How Much is Enough?

By Christy Watson

School finance is complicated. Many outside the public education sector have only a general notion of how schools are funded. The mechanism is fuzzy even for many of those working in schools.

So when educators and public education advocates start talking about the need for more money, the question almost always comes back: How much is enough?

Let me start with just a few reasons that illustrate why I’m sure the current level isn’t enough.

  • Oklahoma started the school year about 1,000 teachers short — even after eliminating 600 positions compared to the year before.
  • To compensate, Oklahoma has issued more than 1,000 emergency teaching certificates, leaving tens of thousands of Oklahoma children in classrooms without a fully qualified teacher.
  • In 2005, the Legislature passed Oklahoma’s Achieving Classroom Excellence law aimed at improving student achievement. It addressed graduation requirements, academic standards, testing and remediation for struggling students. The state Education Department estimates full funding at almost $39 million; actual funding is about $8 million. That’s only 20 percent of what’s needed, yet the expectations on schools and students to meet the law’s requirements are unchanged.
  • A few years ago, Oklahoma’s legislators enacted the Reading Sufficiency Act to ensure Oklahoma third graders could read at grade level before moving on to fourth grade. State education officials estimate the full cost of successfully implementing the law at $12.6 million; actual funding is around half of that.
  • Oklahoma’s per-student funding is terrible relative to other states. We’re last in our region and among the worst in the country at investing in the education of our children. And it’s not because our children need less. Oklahoma’s percentage of students needing special education services is higher than any state in our region, and only five states have a higher percentage of children who qualify for free- or reduced-price lunches.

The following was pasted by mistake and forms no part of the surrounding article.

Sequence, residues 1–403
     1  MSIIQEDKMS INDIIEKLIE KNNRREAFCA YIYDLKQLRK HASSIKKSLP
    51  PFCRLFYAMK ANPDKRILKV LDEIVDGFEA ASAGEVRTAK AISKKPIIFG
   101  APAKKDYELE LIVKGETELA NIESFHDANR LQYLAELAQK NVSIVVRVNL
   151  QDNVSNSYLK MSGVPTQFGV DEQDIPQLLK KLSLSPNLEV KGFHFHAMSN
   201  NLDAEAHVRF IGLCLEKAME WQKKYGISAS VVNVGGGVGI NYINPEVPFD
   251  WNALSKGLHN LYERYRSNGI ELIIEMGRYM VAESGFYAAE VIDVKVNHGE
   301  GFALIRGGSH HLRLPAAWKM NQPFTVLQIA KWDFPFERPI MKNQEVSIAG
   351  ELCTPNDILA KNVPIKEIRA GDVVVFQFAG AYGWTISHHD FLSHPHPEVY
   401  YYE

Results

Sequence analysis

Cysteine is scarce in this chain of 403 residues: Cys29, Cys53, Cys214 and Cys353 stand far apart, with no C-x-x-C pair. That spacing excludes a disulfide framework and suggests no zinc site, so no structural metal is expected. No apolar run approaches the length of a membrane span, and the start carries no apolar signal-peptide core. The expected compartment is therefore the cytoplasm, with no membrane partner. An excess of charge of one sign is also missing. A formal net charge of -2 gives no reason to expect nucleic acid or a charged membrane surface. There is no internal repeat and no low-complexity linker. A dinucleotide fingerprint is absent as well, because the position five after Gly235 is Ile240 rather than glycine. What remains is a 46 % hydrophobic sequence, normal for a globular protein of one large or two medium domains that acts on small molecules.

I also know on a very personal level why it’s not enough. In February, my son’s third-grade teacher sent out a text with a lengthy list of supplies she needed for her classroom: pencils, spiral notebooks, folders, paper, etc. Off I went to Target to fill the classroom closets because it’s what I can do.

At my daughter’s middle school, parents are talking about a fundraising strategy to pay for supplies and equipment for excellent teachers who want to incorporate more hands-on learning in their classrooms — items the school could buy if it had the money.

How much is enough?

Oklahoma would have to spend nearly $1.3 billion more a year just to reach the average per-student investment of other states in our region. That would raise the per-student spending from its current level of $8,851 to the regional average of $10,744. Even if we wanted to just bump up one spot on the regional list and displace Texas, it would cost more than $750 million annually.

These are big dollars to talk about in a year of a $1.3 billion shortfall. That doesn’t mean we should ignore this huge gap in education investment and talk about it another day. I’m not OK with the idea that students in surrounding states have $30,000 or more invested in their education throughout the course of their school years. I don’t think most parents or business leaders think that’s OK, either.

How much is enough?

Isn’t the answer clear?

  • When the best possible teacher is leading every classroom.
  • When teachers have the resources they need to create engaging learning experiences for every child.
  • When schools have the resources to support children who have special needs and those who have fallen (and even started) behind.
  • When teachers aren’t begging for basic classroom supplies.
  • When Oklahoma parents like me can stop wondering why state leaders have decided my children are worth less than those in other states.

I’d really like an answer to this question: Why aren’t my children — and yours — worth more?

Watson is OSSBA’s communications director and the mom of two public school students.